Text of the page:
A Localized Economy

Establishing a robust and diversified regional economy is essential. The Sustainable Southeast Partnership (SSP) is invested in supporting place-based economies where locally-owned and operated businesses thrive, natural resources are used sustainably and our unique cultural resources are leveraged. We work together to ensure that more money, more expertise, and more business leadership remains in our rural villages. We also believe that economic opportunity exists in the integrated development of our communities. In responding to our energy demands with localized renewable projects we create jobs in a sustainable energy industry. In lowering our energy price, we also incentivize business start-ups to base in our rural communities. With addressing our food needs, we create opportunity for agricultural and cottage food enterprises.

Our region also has a rich portfolio of valuable natural assets that when developed responsibly, will support diverse, locally scaled industries for centuries.

Featured Work

Check out some of our ongoing economic development work across Southeast Alaska.

The Path to Prosperity Business Plan Competition

The Path to Prosperity Contest (P2P) supports creative entrepreneurs whose businesses offer solutions to Southeast Alaska’s economic, environmental and social challenges. The SSP network collaborates to identify entrepreneurs around the region and offers support to apply and compete in  The Path to Prosperity Contest…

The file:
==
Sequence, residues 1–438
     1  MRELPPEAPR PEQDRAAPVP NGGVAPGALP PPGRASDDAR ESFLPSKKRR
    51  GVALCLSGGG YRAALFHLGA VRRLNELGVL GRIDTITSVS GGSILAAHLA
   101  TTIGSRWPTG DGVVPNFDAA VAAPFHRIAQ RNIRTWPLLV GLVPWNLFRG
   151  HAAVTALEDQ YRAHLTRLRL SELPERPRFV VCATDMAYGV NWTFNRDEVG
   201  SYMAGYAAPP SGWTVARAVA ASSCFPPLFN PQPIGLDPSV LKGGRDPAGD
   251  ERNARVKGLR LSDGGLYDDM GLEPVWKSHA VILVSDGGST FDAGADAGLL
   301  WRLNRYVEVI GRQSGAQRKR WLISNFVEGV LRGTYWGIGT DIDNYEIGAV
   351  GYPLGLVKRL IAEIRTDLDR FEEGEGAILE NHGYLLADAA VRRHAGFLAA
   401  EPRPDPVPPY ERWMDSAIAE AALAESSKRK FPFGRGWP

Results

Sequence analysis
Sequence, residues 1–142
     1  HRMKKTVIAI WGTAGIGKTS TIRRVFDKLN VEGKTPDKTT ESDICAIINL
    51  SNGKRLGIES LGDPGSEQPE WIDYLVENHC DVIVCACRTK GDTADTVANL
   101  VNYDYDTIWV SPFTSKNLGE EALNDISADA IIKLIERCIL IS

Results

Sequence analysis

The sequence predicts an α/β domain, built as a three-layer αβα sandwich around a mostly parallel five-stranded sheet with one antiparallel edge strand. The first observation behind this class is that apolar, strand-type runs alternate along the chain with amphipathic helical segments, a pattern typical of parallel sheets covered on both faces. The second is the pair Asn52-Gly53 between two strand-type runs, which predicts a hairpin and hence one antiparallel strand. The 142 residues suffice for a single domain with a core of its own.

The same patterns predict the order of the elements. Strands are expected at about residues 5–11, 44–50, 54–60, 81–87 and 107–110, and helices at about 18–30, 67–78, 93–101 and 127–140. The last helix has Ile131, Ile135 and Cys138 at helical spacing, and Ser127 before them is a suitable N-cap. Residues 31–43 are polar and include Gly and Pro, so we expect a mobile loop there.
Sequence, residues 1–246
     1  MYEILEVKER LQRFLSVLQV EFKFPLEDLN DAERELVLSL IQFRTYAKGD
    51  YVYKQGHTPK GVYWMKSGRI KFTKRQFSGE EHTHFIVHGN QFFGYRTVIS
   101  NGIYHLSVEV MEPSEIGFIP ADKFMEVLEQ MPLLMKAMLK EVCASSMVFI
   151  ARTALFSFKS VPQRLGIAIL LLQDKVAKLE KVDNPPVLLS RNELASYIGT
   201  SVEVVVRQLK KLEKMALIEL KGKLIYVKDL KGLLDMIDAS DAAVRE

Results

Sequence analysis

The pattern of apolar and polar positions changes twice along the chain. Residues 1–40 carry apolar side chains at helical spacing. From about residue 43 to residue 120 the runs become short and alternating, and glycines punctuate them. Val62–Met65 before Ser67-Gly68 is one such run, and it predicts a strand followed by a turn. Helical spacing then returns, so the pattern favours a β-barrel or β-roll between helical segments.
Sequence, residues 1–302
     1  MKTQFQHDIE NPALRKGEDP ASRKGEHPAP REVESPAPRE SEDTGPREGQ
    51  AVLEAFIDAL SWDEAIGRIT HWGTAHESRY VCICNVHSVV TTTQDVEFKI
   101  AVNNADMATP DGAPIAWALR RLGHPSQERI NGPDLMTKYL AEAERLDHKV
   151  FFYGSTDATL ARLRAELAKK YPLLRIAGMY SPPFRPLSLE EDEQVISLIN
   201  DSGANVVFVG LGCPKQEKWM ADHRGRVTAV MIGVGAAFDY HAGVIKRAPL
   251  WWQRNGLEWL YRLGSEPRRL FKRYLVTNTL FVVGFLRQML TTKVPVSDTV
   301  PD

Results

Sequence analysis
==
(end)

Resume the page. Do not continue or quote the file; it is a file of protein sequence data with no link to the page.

Building A Local Workforce

Southeast Alaskans depend on the lands and waters for our economy, our nutrition, culture and health. We are surrounded by a vast landscape with great portions being actively managed for a diversity of needs. By building local capacity for careers in forestry, we can keep those jobs local and help support our community economies.

Recent Posts

Untapped Opportunity on the Tongass National Forest: Small Business on Public Lands

Written for Alaska's Capital City Weekly & Juneau Empire Public lands surround Southeast Alaskans. The 17 million acre Tongass National Forest is where residents go to hike, camp, fish, and gather food to nourish their families and wood to warm their homes. It’s where...

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